Forest Schools and Environmental Attitudes: a case study of children aged 8–11 years, was published late last year by Cogent Education.

To celebrate International Forest day (March 21st), the publisher has made it freely available to readers, and you can download it here.  The paper’s Abstract says:

There is growing evidence that children in the UK are suffering from a lack of engagement with nature and the outdoor environment.  This paper investigates the attitudes of children towards the natural environment and focuses on Forest School programmes as a mechanism to promote a “pro-environmental” attitude.  The study identified that there was a statistically significant difference in environmental attitude between groups of children that had participated in a Forest Schools programme and those that had not participated, with children who have taken part in Forest Schools demonstrating a more pro-environmental attitude.  Whilst it is recognised that Forest Schools may not be the only factor influencing these attitudes, this is still an important finding that adds to the overall benefits of participation in Forest Schools programmes.”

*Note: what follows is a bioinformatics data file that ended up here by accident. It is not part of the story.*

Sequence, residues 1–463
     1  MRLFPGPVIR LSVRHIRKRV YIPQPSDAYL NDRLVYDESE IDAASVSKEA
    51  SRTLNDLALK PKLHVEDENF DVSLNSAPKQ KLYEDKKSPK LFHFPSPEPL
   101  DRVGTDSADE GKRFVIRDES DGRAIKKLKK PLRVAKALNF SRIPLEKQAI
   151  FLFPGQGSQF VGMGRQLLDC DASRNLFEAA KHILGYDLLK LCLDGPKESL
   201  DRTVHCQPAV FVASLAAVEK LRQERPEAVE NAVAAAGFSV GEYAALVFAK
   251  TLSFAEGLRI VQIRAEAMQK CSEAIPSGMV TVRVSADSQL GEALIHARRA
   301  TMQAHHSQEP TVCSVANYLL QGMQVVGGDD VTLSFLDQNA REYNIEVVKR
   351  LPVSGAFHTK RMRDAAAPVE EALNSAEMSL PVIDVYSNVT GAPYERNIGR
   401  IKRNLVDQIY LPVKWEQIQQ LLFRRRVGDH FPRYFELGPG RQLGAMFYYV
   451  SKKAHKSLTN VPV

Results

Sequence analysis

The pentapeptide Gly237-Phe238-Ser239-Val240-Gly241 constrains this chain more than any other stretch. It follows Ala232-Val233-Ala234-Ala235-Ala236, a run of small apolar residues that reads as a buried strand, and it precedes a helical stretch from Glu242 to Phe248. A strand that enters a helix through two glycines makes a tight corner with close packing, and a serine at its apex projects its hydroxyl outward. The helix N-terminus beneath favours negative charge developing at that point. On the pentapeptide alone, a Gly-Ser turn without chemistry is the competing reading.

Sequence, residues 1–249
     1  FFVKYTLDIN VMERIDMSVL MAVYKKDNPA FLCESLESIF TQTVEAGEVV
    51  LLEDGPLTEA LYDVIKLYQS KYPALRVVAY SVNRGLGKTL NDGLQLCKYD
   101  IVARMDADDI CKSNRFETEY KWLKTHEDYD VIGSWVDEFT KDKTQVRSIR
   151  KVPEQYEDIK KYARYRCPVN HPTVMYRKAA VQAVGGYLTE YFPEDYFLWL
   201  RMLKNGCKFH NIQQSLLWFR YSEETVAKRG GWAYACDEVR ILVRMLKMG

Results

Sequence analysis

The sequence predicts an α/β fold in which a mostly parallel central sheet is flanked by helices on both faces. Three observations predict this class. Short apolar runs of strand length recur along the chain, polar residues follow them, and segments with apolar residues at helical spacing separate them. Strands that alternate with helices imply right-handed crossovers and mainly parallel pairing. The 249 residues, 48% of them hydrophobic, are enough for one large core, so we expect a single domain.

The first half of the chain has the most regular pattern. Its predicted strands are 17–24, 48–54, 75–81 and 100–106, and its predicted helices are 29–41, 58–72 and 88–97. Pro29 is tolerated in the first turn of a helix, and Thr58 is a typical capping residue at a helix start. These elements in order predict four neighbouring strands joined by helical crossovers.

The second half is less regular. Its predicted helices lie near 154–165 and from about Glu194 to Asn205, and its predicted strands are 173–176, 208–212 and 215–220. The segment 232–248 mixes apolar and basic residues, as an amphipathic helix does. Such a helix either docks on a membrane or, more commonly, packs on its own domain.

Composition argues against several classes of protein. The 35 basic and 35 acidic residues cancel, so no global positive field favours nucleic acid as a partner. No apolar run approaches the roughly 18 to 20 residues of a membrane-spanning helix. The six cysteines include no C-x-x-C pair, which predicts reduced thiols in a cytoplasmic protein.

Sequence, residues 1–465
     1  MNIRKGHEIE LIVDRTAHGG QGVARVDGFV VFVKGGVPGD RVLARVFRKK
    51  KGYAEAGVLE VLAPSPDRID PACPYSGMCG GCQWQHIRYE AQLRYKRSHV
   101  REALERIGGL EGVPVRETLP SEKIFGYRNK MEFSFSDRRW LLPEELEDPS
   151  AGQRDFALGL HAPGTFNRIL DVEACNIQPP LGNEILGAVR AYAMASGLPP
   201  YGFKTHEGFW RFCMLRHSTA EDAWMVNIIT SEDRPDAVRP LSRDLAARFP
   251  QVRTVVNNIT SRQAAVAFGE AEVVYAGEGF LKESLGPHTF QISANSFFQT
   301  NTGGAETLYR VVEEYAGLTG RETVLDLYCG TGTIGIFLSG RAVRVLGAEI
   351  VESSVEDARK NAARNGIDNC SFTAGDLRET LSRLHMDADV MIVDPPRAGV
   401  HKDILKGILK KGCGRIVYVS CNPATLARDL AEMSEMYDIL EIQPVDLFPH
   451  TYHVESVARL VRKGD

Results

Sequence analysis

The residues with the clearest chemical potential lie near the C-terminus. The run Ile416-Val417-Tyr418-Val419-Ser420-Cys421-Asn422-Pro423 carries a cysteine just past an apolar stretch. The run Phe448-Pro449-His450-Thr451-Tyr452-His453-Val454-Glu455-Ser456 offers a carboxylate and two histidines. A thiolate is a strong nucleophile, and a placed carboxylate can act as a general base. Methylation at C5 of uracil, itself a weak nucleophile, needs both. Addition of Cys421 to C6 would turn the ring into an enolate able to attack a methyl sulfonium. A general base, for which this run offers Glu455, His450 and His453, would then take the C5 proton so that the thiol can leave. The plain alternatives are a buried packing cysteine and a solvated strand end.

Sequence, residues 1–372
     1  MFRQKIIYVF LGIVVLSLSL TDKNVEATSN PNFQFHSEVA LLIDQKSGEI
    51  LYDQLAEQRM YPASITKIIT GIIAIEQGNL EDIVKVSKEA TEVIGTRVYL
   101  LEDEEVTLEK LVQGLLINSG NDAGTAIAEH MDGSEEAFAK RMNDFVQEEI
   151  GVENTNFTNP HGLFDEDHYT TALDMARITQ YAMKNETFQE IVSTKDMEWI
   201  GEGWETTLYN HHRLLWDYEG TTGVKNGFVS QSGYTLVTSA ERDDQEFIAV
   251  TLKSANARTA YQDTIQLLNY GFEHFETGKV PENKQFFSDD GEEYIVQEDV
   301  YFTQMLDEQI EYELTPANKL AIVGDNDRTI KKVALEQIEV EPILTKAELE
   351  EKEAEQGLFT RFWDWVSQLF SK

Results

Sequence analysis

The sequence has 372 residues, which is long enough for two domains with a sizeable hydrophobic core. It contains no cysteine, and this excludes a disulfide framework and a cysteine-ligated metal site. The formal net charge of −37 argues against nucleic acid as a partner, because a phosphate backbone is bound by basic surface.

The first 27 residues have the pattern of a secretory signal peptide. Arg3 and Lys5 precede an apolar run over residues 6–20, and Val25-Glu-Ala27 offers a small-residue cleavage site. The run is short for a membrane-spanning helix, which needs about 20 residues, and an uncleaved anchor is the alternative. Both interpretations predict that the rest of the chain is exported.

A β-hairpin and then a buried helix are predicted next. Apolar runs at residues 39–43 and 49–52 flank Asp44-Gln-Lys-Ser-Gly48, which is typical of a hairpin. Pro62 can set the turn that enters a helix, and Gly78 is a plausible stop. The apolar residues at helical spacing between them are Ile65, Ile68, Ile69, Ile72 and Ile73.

This may be welcome news to those many people who wonder whether Forest Schools, in general, have anything much to do with the environment, apart from their being in it, of course.  Clearly, there would seem to be wide variation in the degree to which they carry out – let’s call it – environmental education.

However, the question of generalisability arises here, as it always does in such research.  Given that only 3 Forest Schools were studied here (data came from 59 children), are these schools really represented of the Forest School experience?  We wonder.  For another view of this paper, please read the NAEE President’s blog.

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